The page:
Led by International Coal Group’s Gene Kitts, some folks in the coal industry have tried to depict the Obama administration’s somewhat meager efforts to crack down on mountaintop removal as a case of putting mayflies ahead of jobs.
During today’s Senate hearing on mountaintop removal (it’s just starting now — watch the Web cast here), the Manchin administration throws in with that argument. In his prepared testimony, West Virginia Environmental Protection Secretary Randy Huffman — in a broad defense of the coal industry — said his agency doesn’t see any other significant environmental impacts from mountaintop removal:
Without evidence of any significant impact on the rest of the ecosystem beyond the diminished numbers of certain genus of mayflies, the State cannot say that there has been a violation of its [water quality standards].
All this talk of mayflies stems from the fact that, in questioning several mountaintop removal permits, EPA officials cited this study by agency scientists,Â which does indeed talk about the impacts from mountaintop removal on mayfly populations downstream from mining operations and valley fills. But as I tried to explain in a story about this study more than a year ago, this isn’t just about mayflies — it’s about mayflies as one measure of overall stream health. We care about mayflies because they are an indicator species that helps us understand broader environmental impacts.
And in more prepared testimony for today’s hearing, a top EPA water quality official went into great detail to make this all clear, and tell lawmakers and the public about the environmental impacts that have his agency — as well as other scientists — concerned.
That EPA official was John “Randy” Pomponio, who is director of environmental assessment and innovation for EPA’s mid-Atlantic regional office in Philadelphia. He started off by reminding us of the direct impacts of streams buried by valley fills:
… Between 1992 and 2002, more than 1,200 miles of Appalachian streams have been filled at an average rate of 120 miles per year by ongoing surface mining practices.
In addition to those impacts:
Valley fills associated with surface coal mining increase the total loading of trace metals and toxic salts (sulfates, magnesium, bicarbonate, and additively–total dissolved solids) to downstream aquatic communities. These dissolved ions are not readily sequestered by the surrounding geology and may ultimately emanate from the fills for decades.
Yes, the impacts include killing off mayflies:
Certain macroinvertebrates are highly sensitive and thus disappear from the streams draining from the valley fills. This impairs the use of the streams and ultimately leads to listing of these streams as impaired water bodiesâ€ in EPAâ€™s water quality reports required under Section 305 (b) of the Clean Water Act.
An EPA scientific study released in July 2008 shows that more than 63 percent of the streams sampled below mountaintop coal mining operations exhibit such impairments.Â In some large watersheds, such as the Coal River in West Virginia, more than half of the streams are impaired.
And don’t forget about the selenium:
Concentrations of selenium, a heavy metal naturally found in rock, can also be elevated in streams draining valley fills. Often these concentrations result in exceedances of State and Federal water quality standards for aquatic life. Deformities in fish have been observed in reservoirs downstream of coal mining operations where selenium is a known pollutant. In peer reviewed scientific studies, high concentrations of selenium in fish tissue have been linked to physical deformities and reproductive failure.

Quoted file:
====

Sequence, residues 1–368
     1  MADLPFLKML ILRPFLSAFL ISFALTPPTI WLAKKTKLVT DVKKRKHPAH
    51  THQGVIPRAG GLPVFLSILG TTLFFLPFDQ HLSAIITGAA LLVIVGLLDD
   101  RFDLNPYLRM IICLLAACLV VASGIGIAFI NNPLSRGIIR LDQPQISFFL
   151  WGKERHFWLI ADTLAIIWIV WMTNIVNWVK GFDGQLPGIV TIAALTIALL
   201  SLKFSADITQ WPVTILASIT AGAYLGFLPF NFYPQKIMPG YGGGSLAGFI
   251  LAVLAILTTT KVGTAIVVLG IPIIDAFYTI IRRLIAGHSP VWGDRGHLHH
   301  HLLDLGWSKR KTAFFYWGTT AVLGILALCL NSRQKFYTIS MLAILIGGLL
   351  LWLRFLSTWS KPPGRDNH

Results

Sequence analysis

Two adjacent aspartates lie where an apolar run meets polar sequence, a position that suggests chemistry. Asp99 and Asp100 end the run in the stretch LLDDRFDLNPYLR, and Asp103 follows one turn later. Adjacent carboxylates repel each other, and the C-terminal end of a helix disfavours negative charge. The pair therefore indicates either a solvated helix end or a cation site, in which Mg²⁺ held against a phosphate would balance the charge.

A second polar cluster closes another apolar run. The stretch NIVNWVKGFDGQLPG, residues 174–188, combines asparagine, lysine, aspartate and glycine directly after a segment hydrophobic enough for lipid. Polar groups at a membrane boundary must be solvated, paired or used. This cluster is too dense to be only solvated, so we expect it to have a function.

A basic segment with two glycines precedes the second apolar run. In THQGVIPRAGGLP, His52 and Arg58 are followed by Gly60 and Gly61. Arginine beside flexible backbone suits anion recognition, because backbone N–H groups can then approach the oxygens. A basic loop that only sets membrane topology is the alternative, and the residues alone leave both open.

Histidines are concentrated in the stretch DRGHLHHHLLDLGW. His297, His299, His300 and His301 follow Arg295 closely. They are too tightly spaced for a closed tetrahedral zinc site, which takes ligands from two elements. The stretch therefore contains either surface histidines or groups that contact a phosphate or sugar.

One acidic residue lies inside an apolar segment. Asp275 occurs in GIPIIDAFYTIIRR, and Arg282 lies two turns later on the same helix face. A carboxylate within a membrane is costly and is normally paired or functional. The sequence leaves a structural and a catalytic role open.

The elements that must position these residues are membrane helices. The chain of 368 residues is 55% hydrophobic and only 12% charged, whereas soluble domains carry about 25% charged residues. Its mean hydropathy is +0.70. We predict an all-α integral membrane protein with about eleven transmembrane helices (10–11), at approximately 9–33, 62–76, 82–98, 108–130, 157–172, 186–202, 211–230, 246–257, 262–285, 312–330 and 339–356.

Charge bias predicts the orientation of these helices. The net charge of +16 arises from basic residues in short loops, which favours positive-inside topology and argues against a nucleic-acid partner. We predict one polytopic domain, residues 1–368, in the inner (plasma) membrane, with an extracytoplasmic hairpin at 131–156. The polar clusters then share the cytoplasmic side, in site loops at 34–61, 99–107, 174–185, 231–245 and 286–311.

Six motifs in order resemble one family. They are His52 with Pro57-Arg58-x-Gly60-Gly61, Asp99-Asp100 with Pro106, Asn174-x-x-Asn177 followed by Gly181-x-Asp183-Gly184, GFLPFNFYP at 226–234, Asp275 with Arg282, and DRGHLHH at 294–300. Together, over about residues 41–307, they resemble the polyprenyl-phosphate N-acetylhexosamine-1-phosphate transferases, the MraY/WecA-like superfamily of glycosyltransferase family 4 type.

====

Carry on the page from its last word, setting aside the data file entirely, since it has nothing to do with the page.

Dissolved and particulate organic carbon fuels the food web of headwater streams and this nutrient energy cascades downstream. Healthy forest soils and streamside vegetation supply food webs with this high-quality energy source that further delivers high-quality food to downstream communities of other consumers, such as fish and humans. Mining operations and associated valley fills essentially rob downstream aquatic communities of this energy source, damaging the food webs that serve to purify freshwater for aquatic life and human consumption.
And, it’s not just streams … mountaintop removal and valley fills “can destroy forests, habitat and other important ecosystems” —
EPAâ€™s 2002 Landscape-Scale Cumulative Impact Study modeled terrestrial impacts based on past surface mine permit data. These data provide a retrospective examination of the impacts to forest that occurred over the 11-year period from 1992 to 2002. The Study estimates that 595 square miles (380,547 acres) of the forest environment (vegetation and soils) in the study area will be cleared due surface coal mining during this 11-year period. This represents 3.4 percent of the forest area that existed in 1992. Based on a 2003 analysis, the impacts to forest and forest soils have subsequently been projected over the next 10 years. For the entire 22-year period from 1992 to 2013, the estimated forest clearing in the study area would be 1,189 square miles (761,000 acres) or 6.8 percent of the forest that existed in 1992. Should these forest not be restored, invaluable water quality and ecological services will be lost.
Forest losses of this magnitude, although largely temporary, are not inconsequential.
In addition to the popularly appreciated wildlife, recreational, and timber resources associate with forests systems, many ecological services can be attributed to forest systems.
We are just beginning to understand and assign value to these ecological services.
I’ll have more later, including a complete report on a new paper submitted during the congressional hearing by two top scientists who are studying mountaintop removal …
updated, 4 p.m.: All of the testimony is online here.